Spacetime is so warped around these massive objects that, hypothetically, if you were to fall into a black hole, time would be slowed to such a degree that millions of years outside the black hole could pass in what felt like a blink of an eye to you inside it.

This is why it is entirely possible that from your perspective, inside the black hole, you could watch the whole future of the universe unfold before your eyes.

(Click the image on the left to play the animation - see how space is warped around the mass and how time passes at different rates dependent on the distance from that dense region of matter).

Time flies

However, it’s not just gravity (remember – thick, chunky points in the soup) that can slow time down. In fact, the faster we travel through spacetime soup, the “thicker” it feels. Imagine the difference between trying to stroll across a swimming pool, versus trying to sprint through it. Once again, this can make time feel like its passing verrrryyyy slooooowly.

Scientists have actually proven this effect right here on Earth! When a very fast plane flew through the atmosphere on earth, we discovered that the on-board clock had ticked slower than an identical clock back down on the ground. This was due to how quickly the plane was travelling relative to the ground; the people on board would have experienced time passing ever-so-slightly slower than the people on the ground.

Technically, then, this means that if you could hop aboard an incredibly fast spaceship, and travel super-super quickly out in one direction of space, then travel super-super quickly all the way back to Earth, what may have felt like a few months to you could actually have been DECADES passing here on Earth.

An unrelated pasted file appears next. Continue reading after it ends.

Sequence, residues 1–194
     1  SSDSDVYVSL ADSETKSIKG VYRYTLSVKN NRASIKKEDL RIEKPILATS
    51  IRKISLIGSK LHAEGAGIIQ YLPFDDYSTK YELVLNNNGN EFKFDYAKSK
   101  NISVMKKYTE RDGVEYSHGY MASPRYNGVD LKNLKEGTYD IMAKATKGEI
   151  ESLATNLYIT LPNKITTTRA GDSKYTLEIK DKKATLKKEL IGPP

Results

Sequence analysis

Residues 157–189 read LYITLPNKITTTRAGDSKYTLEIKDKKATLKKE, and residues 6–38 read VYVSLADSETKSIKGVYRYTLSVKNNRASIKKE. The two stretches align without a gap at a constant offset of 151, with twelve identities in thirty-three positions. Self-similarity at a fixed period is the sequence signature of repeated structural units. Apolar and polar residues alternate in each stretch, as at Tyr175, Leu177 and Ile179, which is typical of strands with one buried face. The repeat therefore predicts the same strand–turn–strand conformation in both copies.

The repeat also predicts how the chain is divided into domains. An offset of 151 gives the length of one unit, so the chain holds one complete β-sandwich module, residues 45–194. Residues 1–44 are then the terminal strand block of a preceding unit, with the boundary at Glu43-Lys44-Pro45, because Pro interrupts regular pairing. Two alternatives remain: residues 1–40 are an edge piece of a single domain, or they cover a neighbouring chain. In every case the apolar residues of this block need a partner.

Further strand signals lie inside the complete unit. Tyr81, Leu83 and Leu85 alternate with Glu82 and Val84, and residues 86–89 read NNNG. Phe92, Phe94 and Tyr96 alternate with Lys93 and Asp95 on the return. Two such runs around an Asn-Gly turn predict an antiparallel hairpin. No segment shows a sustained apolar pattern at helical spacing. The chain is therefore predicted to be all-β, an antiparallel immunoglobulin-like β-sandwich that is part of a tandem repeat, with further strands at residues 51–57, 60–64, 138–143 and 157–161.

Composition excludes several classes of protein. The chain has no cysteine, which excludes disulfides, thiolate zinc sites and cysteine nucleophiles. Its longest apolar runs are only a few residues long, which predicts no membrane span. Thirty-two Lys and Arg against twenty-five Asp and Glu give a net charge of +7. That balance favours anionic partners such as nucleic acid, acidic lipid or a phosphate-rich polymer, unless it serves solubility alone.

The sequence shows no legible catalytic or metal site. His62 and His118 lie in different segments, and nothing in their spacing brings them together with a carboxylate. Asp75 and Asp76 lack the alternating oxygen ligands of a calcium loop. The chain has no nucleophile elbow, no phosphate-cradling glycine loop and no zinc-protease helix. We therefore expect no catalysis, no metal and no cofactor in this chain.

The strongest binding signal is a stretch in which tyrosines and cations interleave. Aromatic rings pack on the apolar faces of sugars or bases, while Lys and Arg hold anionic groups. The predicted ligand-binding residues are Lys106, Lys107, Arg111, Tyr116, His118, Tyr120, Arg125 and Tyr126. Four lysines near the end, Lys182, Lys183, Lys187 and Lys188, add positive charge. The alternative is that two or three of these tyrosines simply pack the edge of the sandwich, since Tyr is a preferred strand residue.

By the time you arrived home, even though you hadn’t been gone for long (from your perspective), it would be years and years into the future. To the people you were coming home to, you would be an immortal time traveller!

(Click the image on the right to play the animation - see how time passes slower when travelling faster i.e. on a plane).

The Spooky Paradoxes of Backwards Time Travel

You may or may not have heard of something called a paradox. These are situations that seem impossible yet possible, both true and false, and both wrong and right, all at the same time! For example, if I say to you – “I am lying.” – am I lying, or am I being honest? Think about it!

Time travel is infamous for creating mind-boggling paradoxes like this, and they are a simple way to demonstrate why backwards time travel is one of the trickiest concepts for physicists to wrap their heads around. But, if your brain isn’t too mushy already from all the general-relativity-talk, I’d like to introduce you to some of these paradoxes.

I’d like you to imagine a time traveller. Anyone you like. Maybe they have a big moustache. Or a tiny hat. Or red shoes like a clown wears. Now, we’re going to put our hypothetical time traveller in some interesting scenarios, and watch the complicated chaos which unfolds…

  1. The RMS Titanic, which sank in 1912.
    public domain (wikipedia)

    Predestination Paradox

    When past events affect future time travel which then affects past events.